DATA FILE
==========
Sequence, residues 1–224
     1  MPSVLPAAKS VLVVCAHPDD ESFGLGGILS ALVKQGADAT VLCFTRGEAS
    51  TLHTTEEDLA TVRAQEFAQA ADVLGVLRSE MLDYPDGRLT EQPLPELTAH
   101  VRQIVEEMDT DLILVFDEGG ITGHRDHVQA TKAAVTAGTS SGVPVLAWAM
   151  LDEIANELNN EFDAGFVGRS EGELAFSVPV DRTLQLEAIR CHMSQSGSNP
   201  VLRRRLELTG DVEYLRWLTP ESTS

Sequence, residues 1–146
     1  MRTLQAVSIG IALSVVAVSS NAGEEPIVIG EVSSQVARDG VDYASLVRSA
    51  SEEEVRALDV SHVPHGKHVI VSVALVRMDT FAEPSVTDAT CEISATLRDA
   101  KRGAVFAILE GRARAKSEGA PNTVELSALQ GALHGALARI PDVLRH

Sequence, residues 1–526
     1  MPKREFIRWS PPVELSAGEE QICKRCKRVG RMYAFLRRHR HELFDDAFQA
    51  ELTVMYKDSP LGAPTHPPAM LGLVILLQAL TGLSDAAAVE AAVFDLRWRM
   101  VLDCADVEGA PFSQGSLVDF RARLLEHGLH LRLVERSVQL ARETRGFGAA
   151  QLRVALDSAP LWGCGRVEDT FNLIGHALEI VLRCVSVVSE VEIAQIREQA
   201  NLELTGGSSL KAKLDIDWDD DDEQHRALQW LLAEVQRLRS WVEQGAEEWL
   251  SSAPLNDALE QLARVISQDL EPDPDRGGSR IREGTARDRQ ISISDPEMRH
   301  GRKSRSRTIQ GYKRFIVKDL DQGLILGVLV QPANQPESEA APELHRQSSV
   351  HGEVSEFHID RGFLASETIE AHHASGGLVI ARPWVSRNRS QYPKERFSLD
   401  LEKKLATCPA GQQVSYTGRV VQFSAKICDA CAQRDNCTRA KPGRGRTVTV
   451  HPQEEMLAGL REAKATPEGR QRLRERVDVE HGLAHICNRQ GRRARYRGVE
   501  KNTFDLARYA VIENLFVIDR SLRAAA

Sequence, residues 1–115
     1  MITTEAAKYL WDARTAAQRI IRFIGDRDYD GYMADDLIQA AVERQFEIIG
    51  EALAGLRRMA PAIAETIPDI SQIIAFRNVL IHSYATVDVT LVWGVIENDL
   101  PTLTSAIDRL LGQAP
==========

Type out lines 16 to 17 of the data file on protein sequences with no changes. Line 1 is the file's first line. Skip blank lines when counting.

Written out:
   201  NLELTGGSSL KAKLDIDWDD DDEQHRALQW LLAEVQRLRS WVEQGAEEWL
   251  SSAPLNDALE QLARVISQDL EPDPDRGGSR IREGTARDRQ ISISDPEMRH